Muse’s Clues from Mar.09

I remember a few years ago finishing up a new song and feeling
quite proud of myself for writing something very different than
my usual fare, only a day or two later to discover that I had
completely ripped off a melody and chord progression of a song I
had been listening to previously. It was disheartening and
frustrating, but of course I had to ditch the song! Plagiarism
seems to be a great fear in most of us…not just copying someone
else’s song, but having our own song plagiarized.

I wonder how many times this honestly happens, not just to those
of us who are relatively anonymous, but also to big name
songwriters? And when it happens and they realize it, do they do
the same thing and just ditch the song? You would hope so! Then
again, what if they don’t realize that a song they’ve written has
“been done” before but the song has already had a major release?

This is what happened when The Rolling Stones were about to
release the CD Bridges to Babylon in 1997 with a song called
“Anybody Seen My Baby” that had a very similar hook to KD Lang’s
song “Constant Craving”, released in 1992. Instead of waiting
for a lawsuit, however, clever Mick simply offered Lang writing
credits and shared profits from the song.

I am guessing that this is also what happened to Coldplay’s lead
singer and songwriter Chris Martin when he wrote Viva La Vida.
As it turns out, the melody and chord progression in parts of the
song are strikingly similar to another song released in 2005 by
Joe Satriani called “If I Could Fly”. But Satriani believes that
Martin knowingly stole his melody and progression and so he is
suing Coldplay as a result. There have been a lot of arguments
between fans of both artists as to who stole what, but on a
YouTube video you can watch a two-part video from an objective
viewpoint, examining each song from a theoretical perspective.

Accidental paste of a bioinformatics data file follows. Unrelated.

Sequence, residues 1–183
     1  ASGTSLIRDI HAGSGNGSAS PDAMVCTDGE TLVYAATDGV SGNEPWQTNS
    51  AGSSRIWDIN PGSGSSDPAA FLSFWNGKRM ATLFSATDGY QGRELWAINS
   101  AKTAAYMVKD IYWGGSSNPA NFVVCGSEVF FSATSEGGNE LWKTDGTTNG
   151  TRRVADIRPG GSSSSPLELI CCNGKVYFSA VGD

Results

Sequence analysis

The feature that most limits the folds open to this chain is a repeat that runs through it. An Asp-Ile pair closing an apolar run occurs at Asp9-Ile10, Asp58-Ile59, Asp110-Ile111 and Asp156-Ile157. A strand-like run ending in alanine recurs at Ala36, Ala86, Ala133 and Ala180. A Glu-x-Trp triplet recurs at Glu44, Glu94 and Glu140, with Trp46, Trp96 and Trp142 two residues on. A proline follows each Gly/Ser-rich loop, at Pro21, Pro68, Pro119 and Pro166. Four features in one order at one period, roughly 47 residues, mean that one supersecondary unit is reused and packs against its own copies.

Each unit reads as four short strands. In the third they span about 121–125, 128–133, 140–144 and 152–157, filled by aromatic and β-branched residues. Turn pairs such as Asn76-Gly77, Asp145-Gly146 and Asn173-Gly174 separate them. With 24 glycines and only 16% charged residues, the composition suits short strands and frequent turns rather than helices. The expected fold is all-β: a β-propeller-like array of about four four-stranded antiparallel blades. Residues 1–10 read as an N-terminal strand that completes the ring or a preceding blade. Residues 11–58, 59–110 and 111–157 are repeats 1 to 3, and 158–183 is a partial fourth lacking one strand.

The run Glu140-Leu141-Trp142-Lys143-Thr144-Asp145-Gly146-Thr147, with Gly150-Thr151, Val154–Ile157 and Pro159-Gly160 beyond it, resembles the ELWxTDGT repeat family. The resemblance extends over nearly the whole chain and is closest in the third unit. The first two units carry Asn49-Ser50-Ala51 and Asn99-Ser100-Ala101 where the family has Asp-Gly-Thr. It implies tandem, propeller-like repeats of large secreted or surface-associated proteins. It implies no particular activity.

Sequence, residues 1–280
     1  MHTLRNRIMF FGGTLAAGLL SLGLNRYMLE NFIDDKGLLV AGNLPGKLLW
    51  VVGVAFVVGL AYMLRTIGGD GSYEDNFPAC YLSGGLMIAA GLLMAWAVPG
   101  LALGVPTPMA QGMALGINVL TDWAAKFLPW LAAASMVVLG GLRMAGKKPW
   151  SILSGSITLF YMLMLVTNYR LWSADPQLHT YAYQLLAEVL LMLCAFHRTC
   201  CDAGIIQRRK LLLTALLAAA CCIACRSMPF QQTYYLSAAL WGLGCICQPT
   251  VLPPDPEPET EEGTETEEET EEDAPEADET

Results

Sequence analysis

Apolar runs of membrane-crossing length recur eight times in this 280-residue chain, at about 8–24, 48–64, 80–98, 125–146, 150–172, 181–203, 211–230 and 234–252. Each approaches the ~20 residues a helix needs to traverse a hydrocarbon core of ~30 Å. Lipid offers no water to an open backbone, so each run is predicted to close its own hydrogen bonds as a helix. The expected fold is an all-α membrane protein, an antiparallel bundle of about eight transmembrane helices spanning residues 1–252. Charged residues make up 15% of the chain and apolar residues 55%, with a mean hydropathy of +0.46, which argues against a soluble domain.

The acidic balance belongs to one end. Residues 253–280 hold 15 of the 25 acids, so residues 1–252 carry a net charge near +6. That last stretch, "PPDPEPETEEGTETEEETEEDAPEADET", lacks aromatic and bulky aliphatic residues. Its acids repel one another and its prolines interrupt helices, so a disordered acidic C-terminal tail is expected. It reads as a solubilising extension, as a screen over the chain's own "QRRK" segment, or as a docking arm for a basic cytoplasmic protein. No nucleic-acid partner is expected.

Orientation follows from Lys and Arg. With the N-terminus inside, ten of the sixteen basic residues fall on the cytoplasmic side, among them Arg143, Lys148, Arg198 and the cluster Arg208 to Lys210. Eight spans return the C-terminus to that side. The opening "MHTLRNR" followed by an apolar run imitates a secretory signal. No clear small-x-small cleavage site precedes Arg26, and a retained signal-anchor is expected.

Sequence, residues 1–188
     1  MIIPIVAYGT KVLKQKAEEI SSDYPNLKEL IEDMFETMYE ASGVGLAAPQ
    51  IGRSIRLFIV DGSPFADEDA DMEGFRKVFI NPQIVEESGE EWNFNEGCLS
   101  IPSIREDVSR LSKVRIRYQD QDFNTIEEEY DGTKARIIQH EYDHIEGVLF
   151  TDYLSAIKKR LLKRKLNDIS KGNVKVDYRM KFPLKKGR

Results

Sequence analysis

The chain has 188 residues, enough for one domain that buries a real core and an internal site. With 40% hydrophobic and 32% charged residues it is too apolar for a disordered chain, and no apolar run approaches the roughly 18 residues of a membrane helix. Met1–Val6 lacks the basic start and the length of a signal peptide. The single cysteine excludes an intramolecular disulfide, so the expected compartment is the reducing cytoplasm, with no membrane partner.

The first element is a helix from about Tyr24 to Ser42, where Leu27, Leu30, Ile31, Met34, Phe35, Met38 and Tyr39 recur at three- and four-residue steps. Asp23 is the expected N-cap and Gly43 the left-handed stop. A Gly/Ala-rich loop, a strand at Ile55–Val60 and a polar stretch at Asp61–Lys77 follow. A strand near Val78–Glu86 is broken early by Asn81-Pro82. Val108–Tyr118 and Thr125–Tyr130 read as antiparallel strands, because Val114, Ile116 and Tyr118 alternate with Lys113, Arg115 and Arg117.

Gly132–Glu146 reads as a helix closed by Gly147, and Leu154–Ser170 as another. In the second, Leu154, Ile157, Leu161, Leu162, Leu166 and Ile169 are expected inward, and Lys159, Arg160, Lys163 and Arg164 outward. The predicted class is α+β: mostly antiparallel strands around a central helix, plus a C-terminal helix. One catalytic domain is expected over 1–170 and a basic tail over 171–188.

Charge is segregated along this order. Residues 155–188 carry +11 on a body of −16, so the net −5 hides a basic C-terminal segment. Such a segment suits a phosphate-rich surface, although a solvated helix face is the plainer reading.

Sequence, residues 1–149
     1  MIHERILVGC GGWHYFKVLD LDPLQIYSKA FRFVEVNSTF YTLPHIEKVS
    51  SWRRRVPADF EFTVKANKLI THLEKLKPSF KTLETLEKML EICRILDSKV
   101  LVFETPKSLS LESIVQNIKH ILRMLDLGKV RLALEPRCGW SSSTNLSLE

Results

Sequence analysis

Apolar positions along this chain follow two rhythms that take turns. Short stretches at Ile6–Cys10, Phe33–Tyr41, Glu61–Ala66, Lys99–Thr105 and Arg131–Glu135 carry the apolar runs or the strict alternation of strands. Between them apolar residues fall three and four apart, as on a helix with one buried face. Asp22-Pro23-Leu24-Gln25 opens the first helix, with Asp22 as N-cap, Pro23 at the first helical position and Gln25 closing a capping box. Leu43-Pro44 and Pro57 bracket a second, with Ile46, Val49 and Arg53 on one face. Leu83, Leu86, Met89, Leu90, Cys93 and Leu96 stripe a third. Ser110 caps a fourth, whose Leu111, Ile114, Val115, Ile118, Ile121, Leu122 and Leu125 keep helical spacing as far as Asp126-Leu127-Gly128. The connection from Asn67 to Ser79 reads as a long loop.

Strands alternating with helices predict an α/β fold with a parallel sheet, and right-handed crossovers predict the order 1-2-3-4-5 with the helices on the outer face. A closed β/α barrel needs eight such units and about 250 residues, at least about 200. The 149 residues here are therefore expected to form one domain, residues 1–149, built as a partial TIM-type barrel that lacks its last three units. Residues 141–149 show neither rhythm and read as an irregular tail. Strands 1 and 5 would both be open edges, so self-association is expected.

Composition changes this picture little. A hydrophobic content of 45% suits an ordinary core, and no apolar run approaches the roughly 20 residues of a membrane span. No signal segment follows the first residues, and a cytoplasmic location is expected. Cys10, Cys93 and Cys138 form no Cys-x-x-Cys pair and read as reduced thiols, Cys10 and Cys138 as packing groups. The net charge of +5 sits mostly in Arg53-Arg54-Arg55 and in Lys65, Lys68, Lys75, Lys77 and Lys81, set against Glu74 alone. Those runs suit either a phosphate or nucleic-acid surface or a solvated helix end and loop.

Now the theory might be over your head, but it also might teach
you a lot about what might be viewed as plagiarism:

If you are interested in other examples of similar-sounding
songs, on the Prolific Magazine blog, Joshua Kraus compares what
he calls “The 8 Most Blatantly Plagiarized Songs”:

Not all of these songs involved lawsuits, but there are some
interesting comparisons, and all are worth digging around in your
CD collection to have a listen to.

Interestingly enough, another obscure band called Creaky Boards
has also claimed that Coldplay’s Viva La Vida is a rip-off of
their song “The Songs I Didn’t Write” (isn’t that title a strange
coincidence!). Jared Morris of WGMD does a comparison of these
two songs on YouTube:

Of course, the accusations are flying back and forth, but the
reality is that plagiarism is hard to prove, and I do think it’s
quite possible for two songwriters to inadvertently come up with
very similar melodies. Most songwriters have melodies floating
around in our heads all of the time and how are we to know if
they are original or not? There are only so many notes and so
many common chords.

But as to who stole what from whom, I’ll leave that up to the
courts, and you!

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